CMHA-Kamloops says nearly 70 Moira House guests have moved into more stable housing

Many find long-term homes

The executive director of the Canadian Mental Health Association’s Kamloops branch says nearly 70 guests at Moira House have been able to move into stable housing since the recovery-focused shelter opened.

Alfred Achoba appeared before Kamloops city council’s safety and security select committee on Thursday to discuss the non-profit’s work.

He said Moira House is a first-of-its kind shelter where abstinence isn’t a requirement, but residents must be willing to work toward recovery and are supported to achieve their goals by on-site staff.

“Since Moira House opened, we've been able to successfully move 69 individuals into long-term stable housing, whether that is treatment support or other forms of transitional housing,” Achoba said.

The Kingston Avenue shelter, located near the Halston Bridge in North Kamloops, opened in the spring of 2022. It has 41 single-room occupancy units.

“As much as it’s treated as [a] shelter, the expectation is that it is treated with a housing-first lens," Achoba told the committee.

"And so while you're there, we can help you find employment, we can prep you to be more successful once you move into your own housing."

Alongside Moira House, the non-profit operates the Emerald Centre shelter and Merit Place — which Achoba describes as its “lowest barrier” shelter. CMHA Kamloops also runs supportive housing facilities Rosethorn House and Genesis Place.

“Rather than having so much turnover in our shelter, we're using the shelters we have now as stepping stones into more successful transition,” Achoba said.

However, the executive director said one of the challenges facing the organization is the city’s limited housing supply. In CMHA’s programs alone, they have 50 to 60 people on waitlists for housing.

“That's just supportive housing — that doesn't include seniors housing, market housing, or any other form of housing that we provide,” he said.

There also isn’t enough shelter space, with Achoba adding staff has to turn away, on average, 40 to 44 people daily from shelters.

Achoba said the non-profit faces other challenges, including NIMBY-ism, government red tape, staffing, the impacts of the opioid crisis, handling “complex behaviours” due to drugs and mental health issues, and a deterioration of health support.

“We’ve been trying to leverage as much support from the local partners we have here,” Achoba said.

“I think across the Interior region we've seen that support decrease, partly due to the challenges the health authorities too are experiencing when it comes to filling some of the most crucial gaps that we're seeing in the healthcare system.”

However, Achoba said they have been able to secure street nurses to visit some shelters, and are working to offer practicum placements in order to address staffing needs.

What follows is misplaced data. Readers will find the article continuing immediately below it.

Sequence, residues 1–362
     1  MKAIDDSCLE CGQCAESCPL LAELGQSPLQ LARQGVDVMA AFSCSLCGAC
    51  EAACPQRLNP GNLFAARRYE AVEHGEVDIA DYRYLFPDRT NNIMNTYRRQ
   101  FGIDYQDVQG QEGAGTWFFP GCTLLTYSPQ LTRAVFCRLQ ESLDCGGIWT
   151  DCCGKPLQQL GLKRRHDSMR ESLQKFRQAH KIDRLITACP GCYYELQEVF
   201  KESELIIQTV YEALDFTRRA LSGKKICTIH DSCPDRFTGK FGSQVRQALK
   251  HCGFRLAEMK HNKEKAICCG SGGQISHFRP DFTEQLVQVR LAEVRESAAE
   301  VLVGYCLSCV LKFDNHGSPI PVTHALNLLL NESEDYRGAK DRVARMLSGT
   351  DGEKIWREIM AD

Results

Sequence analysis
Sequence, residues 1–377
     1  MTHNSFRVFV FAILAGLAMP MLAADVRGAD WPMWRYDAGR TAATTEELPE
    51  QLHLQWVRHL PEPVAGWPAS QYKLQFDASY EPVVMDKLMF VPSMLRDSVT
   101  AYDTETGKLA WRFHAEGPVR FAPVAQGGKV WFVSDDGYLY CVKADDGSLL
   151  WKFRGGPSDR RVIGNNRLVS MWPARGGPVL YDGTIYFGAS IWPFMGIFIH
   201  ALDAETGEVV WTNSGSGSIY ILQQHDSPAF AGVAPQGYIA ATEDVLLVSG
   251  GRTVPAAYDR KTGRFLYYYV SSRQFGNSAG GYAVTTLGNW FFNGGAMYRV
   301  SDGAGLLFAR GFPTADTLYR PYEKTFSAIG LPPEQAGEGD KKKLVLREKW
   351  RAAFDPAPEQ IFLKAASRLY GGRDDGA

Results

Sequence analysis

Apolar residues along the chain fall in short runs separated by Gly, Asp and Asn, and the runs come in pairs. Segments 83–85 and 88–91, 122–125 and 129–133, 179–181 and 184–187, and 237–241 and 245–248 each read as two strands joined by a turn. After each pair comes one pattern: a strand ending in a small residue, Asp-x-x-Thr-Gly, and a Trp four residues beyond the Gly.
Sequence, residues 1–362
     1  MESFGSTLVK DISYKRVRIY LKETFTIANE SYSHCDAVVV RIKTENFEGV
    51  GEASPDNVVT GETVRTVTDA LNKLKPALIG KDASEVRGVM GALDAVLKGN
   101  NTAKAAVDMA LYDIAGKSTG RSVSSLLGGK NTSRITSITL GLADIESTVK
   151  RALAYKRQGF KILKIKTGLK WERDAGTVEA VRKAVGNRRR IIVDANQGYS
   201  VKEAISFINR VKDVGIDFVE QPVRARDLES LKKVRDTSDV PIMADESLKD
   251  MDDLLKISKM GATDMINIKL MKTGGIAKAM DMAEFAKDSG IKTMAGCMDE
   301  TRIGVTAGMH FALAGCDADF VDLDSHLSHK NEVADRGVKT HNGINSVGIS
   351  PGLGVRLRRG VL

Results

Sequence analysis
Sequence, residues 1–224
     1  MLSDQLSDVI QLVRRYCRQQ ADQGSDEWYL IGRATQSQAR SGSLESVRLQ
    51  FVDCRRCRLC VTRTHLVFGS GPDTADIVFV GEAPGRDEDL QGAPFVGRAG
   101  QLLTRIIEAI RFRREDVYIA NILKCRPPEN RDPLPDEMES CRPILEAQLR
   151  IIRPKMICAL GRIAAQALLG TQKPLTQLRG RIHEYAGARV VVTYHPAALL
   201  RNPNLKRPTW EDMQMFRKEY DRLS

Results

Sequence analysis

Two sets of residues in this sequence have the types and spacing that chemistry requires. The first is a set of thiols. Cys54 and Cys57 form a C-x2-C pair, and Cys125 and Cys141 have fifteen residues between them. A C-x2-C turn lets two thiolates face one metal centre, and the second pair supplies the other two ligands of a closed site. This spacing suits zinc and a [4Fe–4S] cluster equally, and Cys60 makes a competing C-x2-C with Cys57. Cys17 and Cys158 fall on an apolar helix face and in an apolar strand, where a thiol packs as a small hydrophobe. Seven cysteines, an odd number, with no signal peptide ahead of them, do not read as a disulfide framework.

A community integration liaison has been brought on to work with people seeking shelter at Merit Place.

“Her role is to work with some of the most challenging clients we're seeing across our community, and making sure that they can come into our programs, get the support, and at least see some type of progress being made,” Achoba said.

He also acknowledged judgements levelled their way by some in Kamloops, noting people are quick to point fingers, but collaboration is needed to solve these challenges, adding it “takes a community to get the results we all want to see.”

“We would like to see more support in a positive way, and there are different ways to do it. Come to our programs, come and experience what it's like to work in a shelter, but also come and speak to the clients, to hear from them,” Achoba said.

“Until you do that, you can't really grasp the magnitude of the challenges people are facing, but also the need for us to do better as a community.”

He said society needs to understand non-profits have been historically used to fill gaps due to underfunding and other levels of government not playing the role they should be.

"We're here to serve Kamloops to the best of our ability, and we will never stop doing that," Achoba said.

"Because I think that's a role we're expected to play. When I get calls from moms about their kids and the exposure they're having towards the drug crisis, I feel bad — I feel genuinely bad that more needs to be done."

Coun. Kelly Hall, chair of the committee, thanked Achoba for the work he’s doing in the community.

“I couldn't agree with you more, the words you're talking about with respect to community — it’s a community challenge, and it's going to take a community to continue to work together at some of the challenges we’re faced with on an ongoing basis," Hall said.

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